A Little Bitty Rooster with a Funny Little Crow


A thin and wobbly screeching noise drilled its way from the other side of the basement, and into our bedroom. It sounded like a cat, screaming in pain. My muddled brain could not quite place the noise as belonging to anything recognizable.

I was barely awake, and in the process of trying to decide if I REALLY wanted to get up or not. I knew the noise was coming from the small birds that we had installed in cages in the room next to the back porch, but it was unlike any poultry noise I’d heard before!

“Aar-Ee-Aa-Ow!” Whatever it was, it was a little more sure this time.

“AHR-EE-AA-OW!” Oh! It was the rooster. This time it at least sounded like it MIGHT be a rooster! But it was not the confident “Cockadoodle doo!” that one expects from a rooster who knows what he’s about!

He’s a pretty little thing. Red, blue, and black. I know just enough about their coloring to be confused, so I don’t know the name of his coloring. But he is very pretty.

“AHR-EE-AA-OW!”Less thready, and a little less screechy now, the rooster notified us of the commencement of the day. Whether or not I wanted to get up, it was clear that I would be scolded until I did!

He and his two hens are in a cage indoors. The hens are also lovely, in an understated Jaqueline Kennedy sort of way. Nothing ostentatious. Lovely sleek feathers and conservative colors. Bantam hens are like that. They leave the flash and glitz to the men in the family.

We don’t advocate cages for Poultry, as a rule, but this is a special case. Because the cage above them holds 8 quail – 2 roos, and 6 hens. One of the roos and one of the hens are a very pretty Golden Italian coloring. The rest are just ordinary Brown Coturnix. Good egg layers.

The Bantams are not confined because we like having them in cages. They are confined because we need them to be able to serve as Broodies. Those two Bantam hens, whom I am going to be forced to name after Audrey Hepburn (the black hen), and Grace Kelly (the silver hen), are needed, to brood quail eggs. And their own eggs, of course, we would not want to deny them the privilege of seeing what kinds of other interesting (if confusing) color combinations that blue and red roo can inspire in the gray and black hens. The only practical way to keep them where they can do this through the winter, is in a roomy cage, indoors.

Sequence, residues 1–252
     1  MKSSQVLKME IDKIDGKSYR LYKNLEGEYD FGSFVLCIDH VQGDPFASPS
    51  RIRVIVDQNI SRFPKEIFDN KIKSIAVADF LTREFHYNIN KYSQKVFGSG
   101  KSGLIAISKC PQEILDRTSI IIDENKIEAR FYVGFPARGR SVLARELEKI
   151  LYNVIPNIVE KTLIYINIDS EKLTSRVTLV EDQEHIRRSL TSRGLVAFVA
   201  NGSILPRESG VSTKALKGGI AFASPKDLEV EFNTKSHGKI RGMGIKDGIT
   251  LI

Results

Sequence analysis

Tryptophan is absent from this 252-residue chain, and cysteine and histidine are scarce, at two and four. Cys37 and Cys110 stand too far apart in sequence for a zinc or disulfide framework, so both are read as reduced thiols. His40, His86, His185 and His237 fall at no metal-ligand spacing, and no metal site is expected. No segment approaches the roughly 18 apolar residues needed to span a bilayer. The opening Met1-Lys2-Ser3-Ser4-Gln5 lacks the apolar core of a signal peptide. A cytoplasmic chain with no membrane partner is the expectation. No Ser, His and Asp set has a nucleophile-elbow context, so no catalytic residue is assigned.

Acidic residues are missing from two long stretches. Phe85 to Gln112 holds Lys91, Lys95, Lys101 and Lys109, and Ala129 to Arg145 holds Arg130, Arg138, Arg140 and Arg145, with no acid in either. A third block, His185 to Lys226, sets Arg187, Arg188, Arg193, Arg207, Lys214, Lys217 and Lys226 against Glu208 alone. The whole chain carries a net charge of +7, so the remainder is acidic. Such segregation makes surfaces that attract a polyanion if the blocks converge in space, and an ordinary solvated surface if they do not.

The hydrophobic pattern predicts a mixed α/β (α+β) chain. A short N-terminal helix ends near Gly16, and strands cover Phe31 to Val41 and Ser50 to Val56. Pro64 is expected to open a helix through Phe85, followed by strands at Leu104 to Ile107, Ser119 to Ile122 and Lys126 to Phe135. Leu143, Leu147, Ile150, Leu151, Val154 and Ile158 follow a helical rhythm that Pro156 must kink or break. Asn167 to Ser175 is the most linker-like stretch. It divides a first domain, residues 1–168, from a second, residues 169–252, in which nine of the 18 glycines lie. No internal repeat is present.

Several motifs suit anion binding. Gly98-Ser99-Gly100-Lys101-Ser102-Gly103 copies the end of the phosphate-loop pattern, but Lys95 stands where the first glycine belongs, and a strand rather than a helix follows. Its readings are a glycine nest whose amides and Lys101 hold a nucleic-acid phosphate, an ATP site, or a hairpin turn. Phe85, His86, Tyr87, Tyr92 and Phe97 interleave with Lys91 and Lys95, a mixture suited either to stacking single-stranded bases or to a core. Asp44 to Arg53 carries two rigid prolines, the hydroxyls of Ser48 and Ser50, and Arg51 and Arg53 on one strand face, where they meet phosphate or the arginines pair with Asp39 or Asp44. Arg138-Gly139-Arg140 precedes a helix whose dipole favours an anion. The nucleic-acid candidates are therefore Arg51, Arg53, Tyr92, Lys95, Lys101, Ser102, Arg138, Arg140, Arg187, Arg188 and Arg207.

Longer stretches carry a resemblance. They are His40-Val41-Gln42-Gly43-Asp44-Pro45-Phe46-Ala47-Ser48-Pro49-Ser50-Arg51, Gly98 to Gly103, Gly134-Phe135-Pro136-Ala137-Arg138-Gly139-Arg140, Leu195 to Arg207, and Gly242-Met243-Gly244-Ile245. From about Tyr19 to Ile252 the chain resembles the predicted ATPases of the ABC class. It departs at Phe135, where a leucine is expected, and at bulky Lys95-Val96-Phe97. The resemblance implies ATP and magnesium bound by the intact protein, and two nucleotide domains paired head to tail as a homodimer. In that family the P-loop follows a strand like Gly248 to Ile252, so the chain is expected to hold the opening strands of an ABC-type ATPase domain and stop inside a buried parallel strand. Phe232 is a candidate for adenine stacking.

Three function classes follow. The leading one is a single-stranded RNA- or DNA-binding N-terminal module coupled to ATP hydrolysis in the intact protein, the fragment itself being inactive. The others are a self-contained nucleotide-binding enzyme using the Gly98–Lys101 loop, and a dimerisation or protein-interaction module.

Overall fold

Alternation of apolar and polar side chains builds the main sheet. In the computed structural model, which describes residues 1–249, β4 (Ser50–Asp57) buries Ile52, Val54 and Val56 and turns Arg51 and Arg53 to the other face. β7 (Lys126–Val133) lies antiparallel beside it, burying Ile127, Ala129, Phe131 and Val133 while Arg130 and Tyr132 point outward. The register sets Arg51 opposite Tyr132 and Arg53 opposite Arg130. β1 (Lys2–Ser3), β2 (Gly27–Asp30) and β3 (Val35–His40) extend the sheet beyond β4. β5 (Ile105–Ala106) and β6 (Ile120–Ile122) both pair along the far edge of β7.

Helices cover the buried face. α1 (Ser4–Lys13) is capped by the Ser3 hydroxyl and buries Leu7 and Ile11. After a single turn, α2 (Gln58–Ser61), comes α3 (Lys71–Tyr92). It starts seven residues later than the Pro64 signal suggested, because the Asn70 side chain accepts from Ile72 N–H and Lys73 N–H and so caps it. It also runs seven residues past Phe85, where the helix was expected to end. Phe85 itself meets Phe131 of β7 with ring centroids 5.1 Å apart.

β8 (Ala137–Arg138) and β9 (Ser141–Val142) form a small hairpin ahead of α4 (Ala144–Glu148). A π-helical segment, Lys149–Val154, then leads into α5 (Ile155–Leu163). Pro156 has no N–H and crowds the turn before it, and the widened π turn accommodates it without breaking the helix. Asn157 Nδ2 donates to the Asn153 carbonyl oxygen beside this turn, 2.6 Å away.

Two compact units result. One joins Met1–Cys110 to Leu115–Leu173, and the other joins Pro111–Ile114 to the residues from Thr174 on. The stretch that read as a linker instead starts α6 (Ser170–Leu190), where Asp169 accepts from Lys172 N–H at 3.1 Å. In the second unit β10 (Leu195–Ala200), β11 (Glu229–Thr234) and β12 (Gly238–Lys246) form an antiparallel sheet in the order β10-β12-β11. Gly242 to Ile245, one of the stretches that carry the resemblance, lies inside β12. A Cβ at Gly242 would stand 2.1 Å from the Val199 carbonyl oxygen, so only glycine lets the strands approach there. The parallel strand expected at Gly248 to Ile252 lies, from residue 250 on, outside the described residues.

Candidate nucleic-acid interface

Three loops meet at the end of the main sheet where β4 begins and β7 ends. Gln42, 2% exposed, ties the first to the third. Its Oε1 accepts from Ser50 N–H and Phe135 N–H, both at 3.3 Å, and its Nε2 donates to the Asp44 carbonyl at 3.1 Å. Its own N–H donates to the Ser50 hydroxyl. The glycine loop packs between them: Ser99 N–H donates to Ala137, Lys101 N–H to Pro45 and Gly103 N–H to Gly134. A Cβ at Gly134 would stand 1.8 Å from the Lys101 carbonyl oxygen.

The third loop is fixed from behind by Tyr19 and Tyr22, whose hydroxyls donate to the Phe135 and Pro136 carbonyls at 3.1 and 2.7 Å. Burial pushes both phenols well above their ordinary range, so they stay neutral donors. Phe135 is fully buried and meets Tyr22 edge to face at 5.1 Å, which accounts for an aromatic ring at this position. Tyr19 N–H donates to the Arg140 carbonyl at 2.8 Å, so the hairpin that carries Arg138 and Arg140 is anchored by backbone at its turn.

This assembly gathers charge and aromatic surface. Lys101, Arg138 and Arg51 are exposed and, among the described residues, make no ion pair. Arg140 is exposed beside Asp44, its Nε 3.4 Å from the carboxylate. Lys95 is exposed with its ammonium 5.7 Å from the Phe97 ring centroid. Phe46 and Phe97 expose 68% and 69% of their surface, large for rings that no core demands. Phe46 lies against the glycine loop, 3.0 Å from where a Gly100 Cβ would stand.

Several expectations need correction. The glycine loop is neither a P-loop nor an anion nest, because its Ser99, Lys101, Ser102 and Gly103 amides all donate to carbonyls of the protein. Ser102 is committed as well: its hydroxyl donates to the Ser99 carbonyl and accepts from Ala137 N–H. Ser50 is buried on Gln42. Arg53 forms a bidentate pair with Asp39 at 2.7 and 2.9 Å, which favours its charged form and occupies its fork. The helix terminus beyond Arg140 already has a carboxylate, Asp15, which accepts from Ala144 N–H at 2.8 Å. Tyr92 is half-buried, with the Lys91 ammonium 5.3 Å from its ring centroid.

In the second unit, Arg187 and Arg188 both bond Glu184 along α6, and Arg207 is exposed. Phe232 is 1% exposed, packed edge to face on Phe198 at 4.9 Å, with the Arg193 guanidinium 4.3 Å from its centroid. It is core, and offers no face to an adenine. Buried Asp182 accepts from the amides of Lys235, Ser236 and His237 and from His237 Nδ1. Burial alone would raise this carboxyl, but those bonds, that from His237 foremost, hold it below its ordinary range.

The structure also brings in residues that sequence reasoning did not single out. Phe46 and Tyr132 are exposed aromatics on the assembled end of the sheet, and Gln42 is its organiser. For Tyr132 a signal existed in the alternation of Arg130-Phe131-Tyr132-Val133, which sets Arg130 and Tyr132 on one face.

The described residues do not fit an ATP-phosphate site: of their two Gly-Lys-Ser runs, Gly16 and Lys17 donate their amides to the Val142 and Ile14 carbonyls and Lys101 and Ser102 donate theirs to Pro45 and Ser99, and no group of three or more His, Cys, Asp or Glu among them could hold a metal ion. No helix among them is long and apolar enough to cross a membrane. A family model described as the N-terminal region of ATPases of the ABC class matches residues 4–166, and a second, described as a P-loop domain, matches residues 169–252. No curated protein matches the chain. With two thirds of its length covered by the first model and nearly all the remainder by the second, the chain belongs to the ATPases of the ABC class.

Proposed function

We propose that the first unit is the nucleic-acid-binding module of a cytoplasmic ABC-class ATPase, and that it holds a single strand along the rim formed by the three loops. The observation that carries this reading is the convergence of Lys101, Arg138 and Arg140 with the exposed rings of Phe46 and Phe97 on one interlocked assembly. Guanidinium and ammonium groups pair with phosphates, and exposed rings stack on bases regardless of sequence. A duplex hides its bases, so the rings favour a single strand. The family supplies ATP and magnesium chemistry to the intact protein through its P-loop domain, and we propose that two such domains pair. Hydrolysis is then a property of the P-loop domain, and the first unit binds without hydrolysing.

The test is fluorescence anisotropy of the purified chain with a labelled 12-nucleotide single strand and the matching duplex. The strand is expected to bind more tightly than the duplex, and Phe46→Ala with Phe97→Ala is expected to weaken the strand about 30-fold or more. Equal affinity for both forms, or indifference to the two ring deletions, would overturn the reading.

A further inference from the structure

“AHR-EE-AA-OW!” Well, it is clear that this little roo is not going to be crowing in an expected manner any time soon! Kind of funny, since I wrote previously about a rooster with a wobbly little crow (The Rooster Who Crowed Too Soon). But at least this little fellow does not feel compelled to roust us from slumber at 4:00 each morning, hours before the sun as even thought of rising! He is at least polite about that, and waits until the sun comes up.

His crowing stopped when I came in to feed them – having asserted his authority, he was content to stop announcing daybreak (and besides, it is harder to crow with a mouth full). He and his ladies are rather messy eaters though, scattering assorted seeds and grains across the floor of the room. Their companions, the quails in the upstairs apartment, are equally messy eaters, so the Banties cannot be blamed for the entire mess. We are working on ways to get them to adopt more acceptable table manners, but in the mean time, the mess needs sweeping daily. We’ll be going to sprouted fodder grains soon, which should reduce the messiness since it is harder for them to fling that out of the cage in their hunt for the juicy bits.

The quail are quiet. They coo and chirp and crow quietly, and that is all. The crow is not like a rooster crow. It is softer and more gurgly. They do not wake me in the morning.

The Bantams are familiar territory. We’ve raised them before without purchasing commercial layer feed. The quail are a new adventure. Their diet is similar to the Bantams, they just need a little more protein – a few more tasty bugs. Harder to provide to indoor poultry than outdoor poultry, since the indoor birds cannot forage for themselves. I foresee a worm bin taking up residence in the basement room in the near future. Six fodder trays have already been set on the shelf below the Bantam cage, with dampened seeds for sprouting.

Since the rooster is still very young, I don’t doubt his crow will change. In the mean time, he is amusing, and not too obnoxious, so he can get away with sounding like a scalded cat.

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